Commercial construction is a tough business. Complications can hit you from every angle. That’s why many companies don’t make it past two years. Longevity is typically a good sign of a construction company that is doing things right, understands how to prevent and deal with obstacles, and goes the extra mile to be thorough and honest in all their dealings and transactions. There are certain traits that propel a company to success in commercial construction, and this article presents seven of them.
1. Decide On What You Want And Why
If you want to become or grow as a commercial construction company, then flesh out your mission and your vision. Steven R. Covey calls it, “Begin with the end in mind.” Look ahead and describe what your company and life are like in 20 or 30 years. This will help you set both long and short-term goals; it will also define you and your company so there is no doubt in your mind and in the public’s mind who you are and what you’re good at.
2. Form A Group Of Advisors
Find advisors who understand your vision, form a group, and brainstorm ways to accomplish it. Generate goals and to-do lists for working toward the goals. When making a to-do list that harmonizes with your goals and values, prioritize the tasks so do the more important things before the less important.
3. Daily Education and Personal Improvement
Include education and personal improvement in your daily life. In The Seven Habits of Highly Effective People, it’s called “Sharpen the Saw.” You are your most valuable asset, so don’t let yourself get rusty and dull. Read good books, enjoy good friends and family, keep yourself “physically fit, mentally awake, and morally straight,” as the Boy Scout Oath states.
4. Build Your Company With Pillars
Build your company with pillars which hold up the many aspects of a successful business in commercial construction:
- public relations
- research and development
- skilled human resources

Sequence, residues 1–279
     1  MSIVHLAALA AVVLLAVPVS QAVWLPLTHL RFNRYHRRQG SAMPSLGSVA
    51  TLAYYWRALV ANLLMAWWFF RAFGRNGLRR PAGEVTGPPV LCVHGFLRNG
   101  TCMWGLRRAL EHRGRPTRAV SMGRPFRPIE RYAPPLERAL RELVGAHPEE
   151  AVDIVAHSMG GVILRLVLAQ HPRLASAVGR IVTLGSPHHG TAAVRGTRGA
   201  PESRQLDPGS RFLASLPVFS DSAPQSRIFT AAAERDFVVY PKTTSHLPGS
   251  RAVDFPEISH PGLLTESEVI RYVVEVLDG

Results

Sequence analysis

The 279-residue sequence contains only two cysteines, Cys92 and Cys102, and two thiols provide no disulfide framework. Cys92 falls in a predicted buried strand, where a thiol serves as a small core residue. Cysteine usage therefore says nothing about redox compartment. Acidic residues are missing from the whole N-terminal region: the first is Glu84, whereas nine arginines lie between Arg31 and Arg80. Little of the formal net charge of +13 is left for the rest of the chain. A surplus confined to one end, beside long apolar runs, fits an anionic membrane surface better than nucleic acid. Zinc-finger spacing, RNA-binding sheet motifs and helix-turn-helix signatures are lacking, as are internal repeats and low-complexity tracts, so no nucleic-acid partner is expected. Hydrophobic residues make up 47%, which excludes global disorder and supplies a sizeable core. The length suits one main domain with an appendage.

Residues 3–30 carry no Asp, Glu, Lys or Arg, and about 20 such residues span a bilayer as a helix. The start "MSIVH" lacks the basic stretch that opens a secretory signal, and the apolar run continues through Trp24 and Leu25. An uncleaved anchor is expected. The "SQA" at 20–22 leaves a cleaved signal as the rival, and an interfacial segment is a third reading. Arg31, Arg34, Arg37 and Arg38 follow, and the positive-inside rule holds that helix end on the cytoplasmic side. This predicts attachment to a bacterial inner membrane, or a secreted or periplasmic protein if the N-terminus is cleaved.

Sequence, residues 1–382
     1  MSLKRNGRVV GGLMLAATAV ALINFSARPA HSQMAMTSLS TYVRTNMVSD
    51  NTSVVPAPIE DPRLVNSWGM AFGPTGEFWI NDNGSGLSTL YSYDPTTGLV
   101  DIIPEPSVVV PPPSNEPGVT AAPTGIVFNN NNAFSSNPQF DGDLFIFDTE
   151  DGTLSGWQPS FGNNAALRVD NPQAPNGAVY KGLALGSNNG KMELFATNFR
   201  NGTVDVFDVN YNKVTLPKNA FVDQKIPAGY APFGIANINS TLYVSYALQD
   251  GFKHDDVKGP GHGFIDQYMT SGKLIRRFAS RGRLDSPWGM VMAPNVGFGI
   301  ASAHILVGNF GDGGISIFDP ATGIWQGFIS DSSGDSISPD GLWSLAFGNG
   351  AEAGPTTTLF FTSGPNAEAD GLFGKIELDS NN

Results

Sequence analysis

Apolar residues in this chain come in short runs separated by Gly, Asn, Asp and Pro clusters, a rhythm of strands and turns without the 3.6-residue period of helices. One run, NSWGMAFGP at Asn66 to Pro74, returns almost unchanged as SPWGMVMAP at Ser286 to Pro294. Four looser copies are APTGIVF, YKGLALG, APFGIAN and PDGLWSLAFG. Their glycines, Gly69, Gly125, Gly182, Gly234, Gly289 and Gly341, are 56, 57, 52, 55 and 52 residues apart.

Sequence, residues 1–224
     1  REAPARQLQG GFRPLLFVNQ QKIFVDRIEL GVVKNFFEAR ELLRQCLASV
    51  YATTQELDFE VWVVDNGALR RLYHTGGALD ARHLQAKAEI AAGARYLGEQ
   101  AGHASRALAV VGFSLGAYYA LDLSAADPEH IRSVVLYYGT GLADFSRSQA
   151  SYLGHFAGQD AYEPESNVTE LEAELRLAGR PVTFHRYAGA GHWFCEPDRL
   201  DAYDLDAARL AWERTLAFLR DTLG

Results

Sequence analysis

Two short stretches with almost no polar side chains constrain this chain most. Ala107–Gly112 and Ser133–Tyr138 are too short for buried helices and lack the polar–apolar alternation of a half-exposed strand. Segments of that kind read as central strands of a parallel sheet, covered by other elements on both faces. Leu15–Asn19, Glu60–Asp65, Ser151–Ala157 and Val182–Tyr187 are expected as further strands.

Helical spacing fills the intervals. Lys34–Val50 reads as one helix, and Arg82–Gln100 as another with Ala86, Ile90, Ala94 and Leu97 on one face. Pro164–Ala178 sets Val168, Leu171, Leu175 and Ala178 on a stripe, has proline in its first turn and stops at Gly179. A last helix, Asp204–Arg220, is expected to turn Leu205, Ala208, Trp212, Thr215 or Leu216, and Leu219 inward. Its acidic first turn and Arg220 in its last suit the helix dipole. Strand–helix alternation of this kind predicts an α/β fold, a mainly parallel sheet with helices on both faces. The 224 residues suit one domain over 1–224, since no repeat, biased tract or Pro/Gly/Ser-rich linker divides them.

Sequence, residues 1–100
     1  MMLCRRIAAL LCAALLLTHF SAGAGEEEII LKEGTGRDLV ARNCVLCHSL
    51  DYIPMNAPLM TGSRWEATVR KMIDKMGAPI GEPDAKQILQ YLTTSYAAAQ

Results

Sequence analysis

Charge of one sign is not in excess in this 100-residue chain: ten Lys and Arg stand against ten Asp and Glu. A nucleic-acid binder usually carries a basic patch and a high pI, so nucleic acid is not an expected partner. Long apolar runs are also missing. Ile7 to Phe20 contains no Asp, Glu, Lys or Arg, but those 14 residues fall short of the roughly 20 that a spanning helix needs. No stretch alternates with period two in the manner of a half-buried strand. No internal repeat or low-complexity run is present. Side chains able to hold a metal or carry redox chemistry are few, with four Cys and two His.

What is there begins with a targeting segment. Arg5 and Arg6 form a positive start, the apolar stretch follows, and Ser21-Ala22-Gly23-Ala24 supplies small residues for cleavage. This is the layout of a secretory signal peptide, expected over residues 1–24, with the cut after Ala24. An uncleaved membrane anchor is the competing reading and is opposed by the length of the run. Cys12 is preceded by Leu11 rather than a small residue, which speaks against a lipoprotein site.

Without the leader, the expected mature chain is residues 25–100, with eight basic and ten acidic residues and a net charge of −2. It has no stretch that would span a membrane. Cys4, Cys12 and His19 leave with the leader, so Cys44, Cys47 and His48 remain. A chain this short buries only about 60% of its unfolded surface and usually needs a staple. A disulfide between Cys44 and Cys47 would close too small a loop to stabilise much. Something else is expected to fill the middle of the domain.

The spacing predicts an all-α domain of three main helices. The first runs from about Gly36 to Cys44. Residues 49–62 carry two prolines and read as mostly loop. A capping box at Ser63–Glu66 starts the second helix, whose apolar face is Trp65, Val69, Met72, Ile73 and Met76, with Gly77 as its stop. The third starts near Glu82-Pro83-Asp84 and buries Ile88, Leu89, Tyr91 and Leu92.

And the list goes on. Then, find experienced people to help you achieve your mission.
5. Pay What You Promise
Make sure you can pay your subcontractors what is promised. Nothing kills a project faster than a reputation of not paying subcontractors the right amount and on time. If you are unable to pay the subs until you get paid, then discuss that with the subs before signing the contract. The subcontractor needs to know verbally and in print exactly how and when to expect payment. Also, if you are a subcontractor, be sure to make your own schedule and give it to the general contractor or construction manager. They need to incorporate your plan into their plans, rather than arbitrarily giving you your schedule.
6. Know Landmark Building
One area of commercial construction involves landmark building. If you pursue landmark construction projects, be aware that more permits than from the city are required. If the building will achieve both city and state landmark status, then both will have to approve it. And many cities have commissions on city landmarks, which also must often issue the permit. Landmark projects also affect the surrounding buildings and businesses, so address that as well.
Network for highly skilled subs and craftsmen. It takes some time to get acquainted with other construction professionals in a region, but you can do it by asking and searching online. Attend trade shows and expos to see some of the newest materials. Technology and ingenuity are always creating more choices in construction materials. Spending time interviewing other residential and commercial construction contractors and subs is worth more than gold. City councils also will have useful opinions and recommendations. School districts, mall superintendents, recreation center managers, and growing businesses have good information to share. If your company does quality work, people will find out. If it doesn’t, even more people will find out.